Bombast and appeals to nationalism make all the sense in the world as part of a campaign to recruit young people. However, the undeniably martial tone of the video, combined with references to blood and genes, will hardly contribute to China's efforts to dispel rising apprehensions about its future intentions.
Decades into reform, this is finally where the Communist Party rubber hits the capitalist road and a restless public connected by social networks. The nemesis undoing its capacity to stem volatility and maintain stability through traditional hierarchical control is the democratization of information.
LONDON -- Eurasia is an idea whose time, it is said, has come around again. Recent historical research has rescued the old Silk Road from historical oblivion. The late American sociologist Janet Abu-Lughod identified eight overlapping "circuits of trade" between northwest Europe and China that, under the aegis of a Pax Mongolica, flourished between the 13th and 14th centuries.
SHANGHAI -- From China's perspective, sustained domestic economic growth seems unlikely within the existing global system -- a challenge that Japan and the other East Asian economies did not encounter during their economic rise. Indeed, the only country that has encountered it is the U.S., when it replaced the U.K. as the world's dominant economic and financial power before World War II; fortunately, that precedent is one of accommodation and a peaceful transition.
BEIJING -- I just returned from a trip to the United States during which I met with some U.S. lawmakers and esteemed professors, touched base with seven think tanks and talked to a number of media professionals. It struck me that their views toward China are diversified and their signals mixed. In my view, China watchers in the U.S. can be divided roughly into three schools of thought.
BEIJING -- Washington needs to state and re-state that what it is determined to defend is the global commons, not its naval supremacy in the South China Sea. The former wins high ground in the court of international opinion. The latter may generate headlines for the grandstand wanting to see U.S.-Chinese rivalry, but it will likely result in a limited alliance and set the region down a zero-sum track.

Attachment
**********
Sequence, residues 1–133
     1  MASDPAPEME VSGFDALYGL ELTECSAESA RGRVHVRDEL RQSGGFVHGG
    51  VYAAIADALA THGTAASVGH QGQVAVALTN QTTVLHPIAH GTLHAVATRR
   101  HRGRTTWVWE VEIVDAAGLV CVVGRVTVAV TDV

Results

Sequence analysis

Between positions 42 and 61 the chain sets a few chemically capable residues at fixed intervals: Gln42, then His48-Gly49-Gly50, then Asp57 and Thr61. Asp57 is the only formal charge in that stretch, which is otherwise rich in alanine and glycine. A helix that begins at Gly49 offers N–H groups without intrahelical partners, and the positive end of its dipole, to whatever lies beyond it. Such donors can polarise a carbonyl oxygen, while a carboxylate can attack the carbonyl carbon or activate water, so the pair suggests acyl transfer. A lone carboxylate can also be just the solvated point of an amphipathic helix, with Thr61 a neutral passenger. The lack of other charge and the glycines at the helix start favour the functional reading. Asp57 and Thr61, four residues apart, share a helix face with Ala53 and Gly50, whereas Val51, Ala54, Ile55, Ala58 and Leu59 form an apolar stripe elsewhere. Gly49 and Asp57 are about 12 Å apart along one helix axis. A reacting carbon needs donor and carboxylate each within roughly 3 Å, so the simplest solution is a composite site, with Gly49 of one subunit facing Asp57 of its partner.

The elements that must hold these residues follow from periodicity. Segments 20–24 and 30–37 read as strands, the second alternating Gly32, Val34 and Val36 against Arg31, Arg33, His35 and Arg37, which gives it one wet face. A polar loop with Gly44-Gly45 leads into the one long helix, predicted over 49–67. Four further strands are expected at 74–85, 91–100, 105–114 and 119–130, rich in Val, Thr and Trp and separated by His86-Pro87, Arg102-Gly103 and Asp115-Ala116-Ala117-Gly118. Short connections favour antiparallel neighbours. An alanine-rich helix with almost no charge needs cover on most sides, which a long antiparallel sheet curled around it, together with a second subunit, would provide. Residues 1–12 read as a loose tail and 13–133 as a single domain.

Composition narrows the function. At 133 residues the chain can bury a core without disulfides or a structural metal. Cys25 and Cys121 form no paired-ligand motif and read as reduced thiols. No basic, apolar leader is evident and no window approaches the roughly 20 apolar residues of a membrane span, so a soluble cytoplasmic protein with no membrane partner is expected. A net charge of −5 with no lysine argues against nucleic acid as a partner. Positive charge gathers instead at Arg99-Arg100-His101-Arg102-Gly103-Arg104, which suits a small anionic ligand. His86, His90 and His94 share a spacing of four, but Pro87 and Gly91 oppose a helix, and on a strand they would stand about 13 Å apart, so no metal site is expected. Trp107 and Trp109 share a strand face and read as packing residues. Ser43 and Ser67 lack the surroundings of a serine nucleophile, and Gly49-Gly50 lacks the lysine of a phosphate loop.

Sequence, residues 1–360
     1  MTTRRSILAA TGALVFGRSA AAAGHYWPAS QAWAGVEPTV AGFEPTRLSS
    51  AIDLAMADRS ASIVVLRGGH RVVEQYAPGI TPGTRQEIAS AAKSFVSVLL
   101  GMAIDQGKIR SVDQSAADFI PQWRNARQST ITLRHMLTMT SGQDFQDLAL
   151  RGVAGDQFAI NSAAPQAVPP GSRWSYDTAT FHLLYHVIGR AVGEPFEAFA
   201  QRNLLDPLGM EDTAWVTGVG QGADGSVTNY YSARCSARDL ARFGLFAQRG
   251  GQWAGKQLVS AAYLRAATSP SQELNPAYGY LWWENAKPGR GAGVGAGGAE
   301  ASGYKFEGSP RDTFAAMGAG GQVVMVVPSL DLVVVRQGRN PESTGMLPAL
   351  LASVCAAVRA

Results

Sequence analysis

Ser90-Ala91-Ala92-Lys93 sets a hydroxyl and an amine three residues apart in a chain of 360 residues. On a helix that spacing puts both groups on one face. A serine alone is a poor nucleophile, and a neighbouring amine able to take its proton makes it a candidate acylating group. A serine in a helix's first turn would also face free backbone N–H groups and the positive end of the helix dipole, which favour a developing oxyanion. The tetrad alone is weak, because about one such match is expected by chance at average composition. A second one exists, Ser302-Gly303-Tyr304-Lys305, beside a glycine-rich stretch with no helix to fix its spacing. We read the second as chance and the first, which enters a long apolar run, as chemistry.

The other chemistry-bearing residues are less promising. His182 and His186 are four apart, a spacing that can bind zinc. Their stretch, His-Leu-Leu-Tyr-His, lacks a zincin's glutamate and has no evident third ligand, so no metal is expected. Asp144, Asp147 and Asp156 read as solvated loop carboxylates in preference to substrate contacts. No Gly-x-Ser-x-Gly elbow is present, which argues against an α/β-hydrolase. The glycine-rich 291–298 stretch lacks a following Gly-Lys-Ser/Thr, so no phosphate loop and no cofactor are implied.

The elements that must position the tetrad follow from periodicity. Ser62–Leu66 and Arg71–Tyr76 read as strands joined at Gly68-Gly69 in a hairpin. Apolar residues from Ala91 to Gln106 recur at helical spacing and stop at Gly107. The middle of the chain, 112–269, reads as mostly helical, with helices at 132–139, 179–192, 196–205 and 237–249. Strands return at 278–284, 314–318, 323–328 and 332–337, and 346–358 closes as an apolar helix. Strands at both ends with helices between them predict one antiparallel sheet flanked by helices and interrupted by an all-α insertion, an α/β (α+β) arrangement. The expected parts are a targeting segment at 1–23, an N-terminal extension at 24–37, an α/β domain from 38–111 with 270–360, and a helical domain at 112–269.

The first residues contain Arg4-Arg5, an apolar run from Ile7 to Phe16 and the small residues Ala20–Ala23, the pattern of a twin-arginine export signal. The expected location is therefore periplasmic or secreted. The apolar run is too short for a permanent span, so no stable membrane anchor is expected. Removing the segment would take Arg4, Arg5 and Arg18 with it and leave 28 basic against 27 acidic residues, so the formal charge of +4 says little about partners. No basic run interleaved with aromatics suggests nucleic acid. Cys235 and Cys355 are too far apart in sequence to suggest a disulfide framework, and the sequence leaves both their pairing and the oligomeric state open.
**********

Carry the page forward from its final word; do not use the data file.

Is the prevalent understanding of world order amongst Americans [that of] a world dominated by U.S. rules and power? Is it only centered on American values and interests and supported by U.S. alliances? Does that mean that, from the U.S. perspective, rising powers only have two choices: to submit or to challenge? What would you do if you were in our situation?
HONG KONG -- Xi might be the first major world leader to admit that on a finite planet, infinite and unrestrained growth, especially in the world's most populous country, will prove not just unsustainable but downright catastrophic. Could Xi be tapping into a global awakening to the fact that we have been in denial for too long about the unintended consequences of unfettered growth?
BERLIN -- The New Silk Road Initiative will not only result in an enormous surge in growth for China. With "One Belt, One Road," President Xi Jinping is launching one of the largest development projects in history and offers new perspectives to countries such as Uzbekistan and Tajikistan threatened by terrorism.
SINGAPORE -- This is a rare window of opportunity for China. If Xi had not launched the anti-corruption campaign now, it would have been impossible to do so in 10 years time. By then the vested interest groups would have become too powerful. If the economic oligarchy becomes a political one, China will become the Russia of yesterday.
"Once, humans believed that the earth was flat," he said. "Even a decade ago, people would not believe that a cell phone could work. Humans, if we have never seen something with our own eyes, naturally doubt that it exists, or that life could be that way. I was the first to be brave enough to say: 'I saw that.'"